Understanding food intolerances
It's important to understand the difference between intolerance and other types of food reaction. This is an important first step in helping clients develop a plan and approach to dealing with complex food intolerances.
Unlike allergies and coeliac disease, which are immune reactions to food proteins, intolerances don’t involve the immune system at all. They are triggered by food chemicals which cause reactions by irritation in different parts of the body.
The chemicals involved in food intolerances are found in many different foods, so the approach involves identifying them and reducing your intake of groups of foods, all of which contain the same offending substances.
By contrast, protein allergens are unique to each food (for example, soy, egg, fish, milk and peanut), and dealing with a food allergy involves identifying and avoiding all traces of that particular food. Similarly, gluten, the protein involved in coeliac disease, is only found in certain grains (wheat, barley, rye) and their elimination is the foundation of a gluten-free diet.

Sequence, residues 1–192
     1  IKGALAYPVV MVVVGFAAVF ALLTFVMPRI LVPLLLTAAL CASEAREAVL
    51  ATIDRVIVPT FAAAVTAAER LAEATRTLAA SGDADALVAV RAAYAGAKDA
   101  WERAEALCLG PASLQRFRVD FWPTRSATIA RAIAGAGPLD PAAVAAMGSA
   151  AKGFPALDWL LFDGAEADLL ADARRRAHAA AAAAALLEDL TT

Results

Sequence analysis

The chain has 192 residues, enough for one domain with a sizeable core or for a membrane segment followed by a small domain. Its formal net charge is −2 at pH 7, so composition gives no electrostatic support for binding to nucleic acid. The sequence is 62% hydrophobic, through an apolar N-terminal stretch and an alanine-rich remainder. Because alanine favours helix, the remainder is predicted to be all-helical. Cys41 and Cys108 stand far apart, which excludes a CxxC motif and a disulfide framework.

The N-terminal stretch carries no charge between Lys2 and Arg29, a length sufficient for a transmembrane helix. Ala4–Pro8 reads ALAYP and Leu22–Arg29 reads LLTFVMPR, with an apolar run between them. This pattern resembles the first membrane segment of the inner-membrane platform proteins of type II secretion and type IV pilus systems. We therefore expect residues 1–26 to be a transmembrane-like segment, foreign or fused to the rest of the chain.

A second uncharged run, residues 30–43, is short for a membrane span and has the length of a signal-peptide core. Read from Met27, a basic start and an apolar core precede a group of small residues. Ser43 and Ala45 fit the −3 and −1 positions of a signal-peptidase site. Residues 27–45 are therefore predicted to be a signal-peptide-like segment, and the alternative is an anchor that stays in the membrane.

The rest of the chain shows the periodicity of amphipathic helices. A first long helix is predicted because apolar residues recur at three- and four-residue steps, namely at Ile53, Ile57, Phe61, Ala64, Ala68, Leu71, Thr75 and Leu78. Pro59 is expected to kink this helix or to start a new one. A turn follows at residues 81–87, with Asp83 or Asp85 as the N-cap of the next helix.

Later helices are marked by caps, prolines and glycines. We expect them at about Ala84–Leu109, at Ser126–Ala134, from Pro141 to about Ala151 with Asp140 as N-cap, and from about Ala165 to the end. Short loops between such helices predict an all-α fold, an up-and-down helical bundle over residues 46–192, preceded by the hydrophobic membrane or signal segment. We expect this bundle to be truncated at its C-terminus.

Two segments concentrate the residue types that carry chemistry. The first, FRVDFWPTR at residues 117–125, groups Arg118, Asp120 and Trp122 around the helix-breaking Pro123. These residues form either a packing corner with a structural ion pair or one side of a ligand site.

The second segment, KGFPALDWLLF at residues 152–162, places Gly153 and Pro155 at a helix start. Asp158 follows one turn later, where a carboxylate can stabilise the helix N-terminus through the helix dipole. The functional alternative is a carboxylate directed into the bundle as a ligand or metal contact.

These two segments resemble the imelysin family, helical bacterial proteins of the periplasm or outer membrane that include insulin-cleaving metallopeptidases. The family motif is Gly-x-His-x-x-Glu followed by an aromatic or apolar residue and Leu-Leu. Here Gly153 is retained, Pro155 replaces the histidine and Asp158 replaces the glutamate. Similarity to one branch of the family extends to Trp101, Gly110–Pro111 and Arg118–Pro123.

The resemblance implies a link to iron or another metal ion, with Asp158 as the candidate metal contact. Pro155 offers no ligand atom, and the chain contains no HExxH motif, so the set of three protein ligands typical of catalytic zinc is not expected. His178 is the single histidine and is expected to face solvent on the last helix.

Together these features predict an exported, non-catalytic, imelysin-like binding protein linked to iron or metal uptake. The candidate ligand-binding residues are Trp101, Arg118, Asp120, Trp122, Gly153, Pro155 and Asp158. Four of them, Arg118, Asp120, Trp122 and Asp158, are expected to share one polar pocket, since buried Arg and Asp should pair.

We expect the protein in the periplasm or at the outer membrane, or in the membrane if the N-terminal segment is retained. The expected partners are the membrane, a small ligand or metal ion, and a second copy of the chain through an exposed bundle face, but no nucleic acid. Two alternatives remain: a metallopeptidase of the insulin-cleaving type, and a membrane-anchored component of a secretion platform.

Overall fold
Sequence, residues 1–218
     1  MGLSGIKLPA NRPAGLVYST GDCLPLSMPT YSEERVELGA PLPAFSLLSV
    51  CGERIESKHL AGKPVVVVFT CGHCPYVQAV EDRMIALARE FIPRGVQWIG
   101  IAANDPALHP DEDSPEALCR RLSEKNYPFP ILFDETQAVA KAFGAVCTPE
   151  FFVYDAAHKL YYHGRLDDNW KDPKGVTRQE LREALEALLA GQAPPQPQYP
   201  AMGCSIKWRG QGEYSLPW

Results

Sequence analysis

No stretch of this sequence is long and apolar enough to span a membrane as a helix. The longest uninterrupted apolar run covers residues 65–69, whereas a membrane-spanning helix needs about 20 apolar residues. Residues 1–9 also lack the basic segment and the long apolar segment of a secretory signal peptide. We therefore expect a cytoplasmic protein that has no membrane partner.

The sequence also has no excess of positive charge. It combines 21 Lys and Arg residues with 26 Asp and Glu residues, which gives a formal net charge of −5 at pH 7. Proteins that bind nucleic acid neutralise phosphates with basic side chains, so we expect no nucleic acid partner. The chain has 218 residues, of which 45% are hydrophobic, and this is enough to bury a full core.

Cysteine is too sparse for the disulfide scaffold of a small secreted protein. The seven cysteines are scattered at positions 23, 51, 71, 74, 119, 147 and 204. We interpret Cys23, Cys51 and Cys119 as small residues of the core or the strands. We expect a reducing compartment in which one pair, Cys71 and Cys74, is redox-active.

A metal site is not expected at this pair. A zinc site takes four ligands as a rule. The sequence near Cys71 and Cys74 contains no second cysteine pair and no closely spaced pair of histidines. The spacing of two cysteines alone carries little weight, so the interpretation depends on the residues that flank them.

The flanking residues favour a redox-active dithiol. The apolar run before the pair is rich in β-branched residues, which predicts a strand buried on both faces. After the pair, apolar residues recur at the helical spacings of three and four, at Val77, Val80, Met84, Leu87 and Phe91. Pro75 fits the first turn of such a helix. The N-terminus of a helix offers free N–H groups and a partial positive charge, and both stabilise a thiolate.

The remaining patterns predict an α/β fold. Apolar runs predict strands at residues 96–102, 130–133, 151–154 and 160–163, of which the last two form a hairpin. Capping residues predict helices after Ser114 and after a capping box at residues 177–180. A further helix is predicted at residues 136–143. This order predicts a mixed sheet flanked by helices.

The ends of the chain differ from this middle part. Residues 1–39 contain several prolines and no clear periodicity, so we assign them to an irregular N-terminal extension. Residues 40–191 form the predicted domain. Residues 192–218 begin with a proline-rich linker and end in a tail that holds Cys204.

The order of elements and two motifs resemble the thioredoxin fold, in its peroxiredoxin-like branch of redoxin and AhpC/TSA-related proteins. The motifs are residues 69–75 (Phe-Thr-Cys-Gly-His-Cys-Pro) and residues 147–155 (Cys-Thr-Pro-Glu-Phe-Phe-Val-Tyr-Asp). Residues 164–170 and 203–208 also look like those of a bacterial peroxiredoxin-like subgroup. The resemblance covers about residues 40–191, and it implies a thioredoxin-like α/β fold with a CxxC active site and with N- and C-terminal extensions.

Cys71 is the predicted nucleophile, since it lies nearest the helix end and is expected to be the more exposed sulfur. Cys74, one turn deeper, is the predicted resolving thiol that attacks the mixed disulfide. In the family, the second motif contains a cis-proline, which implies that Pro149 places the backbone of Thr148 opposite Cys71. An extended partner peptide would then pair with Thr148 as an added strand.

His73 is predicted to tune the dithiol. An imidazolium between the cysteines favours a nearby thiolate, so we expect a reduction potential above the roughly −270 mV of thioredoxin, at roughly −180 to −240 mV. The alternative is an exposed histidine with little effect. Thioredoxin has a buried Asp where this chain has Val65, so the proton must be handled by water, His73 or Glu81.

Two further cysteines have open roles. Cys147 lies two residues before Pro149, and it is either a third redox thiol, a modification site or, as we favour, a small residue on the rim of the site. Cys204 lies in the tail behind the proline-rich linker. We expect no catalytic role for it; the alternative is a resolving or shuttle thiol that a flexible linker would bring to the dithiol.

Dietary elimination particularly in children requires close oversight of a dietitian with paediatric training. Children require a wide variety of micro and macro-nutrients to promote growth and development and a dietitian can support you through this process whilst also ensuring your child is getting enough nutrition.
In nut a shell - there is definitely a difference between food allergies and intolerances. Just because your child doesn't test positive to a food allergy it is still worthwhile discussing the possibility of a food intolerance with your GP or specialist. Alternatively, you can seek support from a paediatric trained dietitian.